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my boss insisting on the following rule: all variables passed into constructor should be available through a read-only property.

I don't see a real reason why this should be true, because class should do that it's supposed to do and not to provide theirs structure to others. I understand that sometime it's useful, but it isn't general rule.

Are my thoughts correct? Am I missing something? Anyone can add more arguments or oppose to that?

Example of rule:

 public class MyClass
 {
      public MyClass(ISomeProvider someProvider)
      {
          SomeProvider = someProvider;
      }
      public ISomeProvider SomeProvider { get; private set; }
      public void DoSomeWork()
      {
          ...
      }
 }

Thank you.

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10  
if it doesn't serve a stated purpose, I would be dubious of following any rule like that –  Marc Gravell May 11 '12 at 13:20
1  
Is the restriction there for the benefit of the testing framework? –  Servy May 11 '12 at 13:32
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3 Answers

up vote 7 down vote accepted

Personally I would say no... I never believe there is one rule that fits all. If the parameters are used internally to the class then there is no need to expose them.

If you passed a 'raw' string password into an encryption class you wouldn't expect the raw string to be accessible throughout the lifetime of the object, in fact doing so may present a security risk.

On the flip side though, sometimes you have to follow the standards set out by the team/manager. If you think the principle is wrong discuss this detailing the arguments for/against the idea.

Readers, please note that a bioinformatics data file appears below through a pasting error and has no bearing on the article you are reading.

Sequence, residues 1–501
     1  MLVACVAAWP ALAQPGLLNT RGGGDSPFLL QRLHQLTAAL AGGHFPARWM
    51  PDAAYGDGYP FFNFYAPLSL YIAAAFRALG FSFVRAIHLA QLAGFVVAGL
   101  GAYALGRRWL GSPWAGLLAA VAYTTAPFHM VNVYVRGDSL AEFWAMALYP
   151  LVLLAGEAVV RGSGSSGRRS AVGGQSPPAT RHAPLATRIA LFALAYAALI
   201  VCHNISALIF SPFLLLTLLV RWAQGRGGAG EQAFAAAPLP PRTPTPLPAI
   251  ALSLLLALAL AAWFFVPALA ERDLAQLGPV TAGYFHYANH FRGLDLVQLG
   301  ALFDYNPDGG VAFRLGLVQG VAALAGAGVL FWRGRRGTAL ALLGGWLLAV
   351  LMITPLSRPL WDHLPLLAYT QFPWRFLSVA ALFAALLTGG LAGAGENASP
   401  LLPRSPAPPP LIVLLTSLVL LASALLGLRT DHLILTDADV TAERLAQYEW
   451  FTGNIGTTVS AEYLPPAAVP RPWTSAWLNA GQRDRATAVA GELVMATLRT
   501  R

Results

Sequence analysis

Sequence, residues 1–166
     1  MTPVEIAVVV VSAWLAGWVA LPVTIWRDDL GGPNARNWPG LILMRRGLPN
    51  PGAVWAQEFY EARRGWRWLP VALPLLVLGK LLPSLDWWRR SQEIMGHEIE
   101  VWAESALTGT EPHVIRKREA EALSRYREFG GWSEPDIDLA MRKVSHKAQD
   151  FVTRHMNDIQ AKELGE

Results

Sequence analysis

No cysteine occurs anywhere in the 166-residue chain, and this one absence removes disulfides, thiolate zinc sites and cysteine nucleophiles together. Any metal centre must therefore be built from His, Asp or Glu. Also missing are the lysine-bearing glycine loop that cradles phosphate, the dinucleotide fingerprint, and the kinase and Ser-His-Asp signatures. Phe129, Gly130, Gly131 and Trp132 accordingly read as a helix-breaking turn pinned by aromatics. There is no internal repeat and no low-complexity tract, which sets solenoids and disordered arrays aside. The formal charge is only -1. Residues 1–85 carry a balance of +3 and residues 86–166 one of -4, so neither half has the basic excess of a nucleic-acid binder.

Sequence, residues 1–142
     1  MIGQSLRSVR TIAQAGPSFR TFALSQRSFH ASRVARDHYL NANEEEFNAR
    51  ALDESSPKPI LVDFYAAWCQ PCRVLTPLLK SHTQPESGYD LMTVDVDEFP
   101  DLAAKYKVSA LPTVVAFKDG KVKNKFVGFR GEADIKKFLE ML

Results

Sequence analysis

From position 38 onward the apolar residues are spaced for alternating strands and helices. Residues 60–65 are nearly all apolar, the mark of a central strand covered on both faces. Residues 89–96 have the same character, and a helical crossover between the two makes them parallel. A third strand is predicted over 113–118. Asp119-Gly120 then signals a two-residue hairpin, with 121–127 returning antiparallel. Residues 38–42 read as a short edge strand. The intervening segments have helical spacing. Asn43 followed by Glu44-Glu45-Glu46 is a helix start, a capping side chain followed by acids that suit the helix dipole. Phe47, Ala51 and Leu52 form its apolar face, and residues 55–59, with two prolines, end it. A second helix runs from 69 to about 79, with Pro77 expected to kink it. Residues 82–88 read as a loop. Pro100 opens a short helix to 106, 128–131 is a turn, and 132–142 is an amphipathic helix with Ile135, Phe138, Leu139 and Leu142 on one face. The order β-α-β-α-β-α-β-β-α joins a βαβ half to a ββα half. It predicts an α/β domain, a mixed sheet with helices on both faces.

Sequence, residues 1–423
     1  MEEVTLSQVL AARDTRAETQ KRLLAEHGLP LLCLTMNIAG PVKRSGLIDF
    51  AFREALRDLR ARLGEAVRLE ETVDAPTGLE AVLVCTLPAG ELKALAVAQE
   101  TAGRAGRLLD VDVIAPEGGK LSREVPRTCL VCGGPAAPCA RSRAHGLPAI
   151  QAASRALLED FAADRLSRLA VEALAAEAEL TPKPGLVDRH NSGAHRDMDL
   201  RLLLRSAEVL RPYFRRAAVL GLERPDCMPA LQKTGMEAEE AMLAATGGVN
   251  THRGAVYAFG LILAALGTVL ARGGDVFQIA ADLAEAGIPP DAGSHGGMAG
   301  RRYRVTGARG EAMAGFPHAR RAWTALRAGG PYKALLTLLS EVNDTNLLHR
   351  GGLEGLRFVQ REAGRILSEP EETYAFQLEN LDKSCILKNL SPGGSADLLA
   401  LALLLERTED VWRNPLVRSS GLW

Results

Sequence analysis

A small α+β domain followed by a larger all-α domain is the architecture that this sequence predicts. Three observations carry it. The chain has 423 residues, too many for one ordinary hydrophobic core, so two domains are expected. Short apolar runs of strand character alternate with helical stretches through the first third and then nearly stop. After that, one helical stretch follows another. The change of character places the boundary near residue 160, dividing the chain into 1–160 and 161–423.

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It may be applied like a rule on some specific part of the some specific projects (should say, sounds very strange design, but..), but it's never, ever can be a generic rule in software design even in the domain of one single project.

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The rule decided by your boss can help in debugging to know the properties of object. It's not a rule, you can treat it as design pattern created by your project manager.

public class MyClass
{
    private ISomeProvider someProvider;

    public ISomeProvider SomeProvider
    {
        get
        {
            //logic here 
            return this._someProvider;
        }
    }

    public MyClass(ISomeProvider someProvider)
    {
        this._someProvider = someProvider;
    }

    public void DoSomeWork()
    {

    }
}
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I'm sure that's a sort of design pattern –  abatishchev May 11 '12 at 13:45
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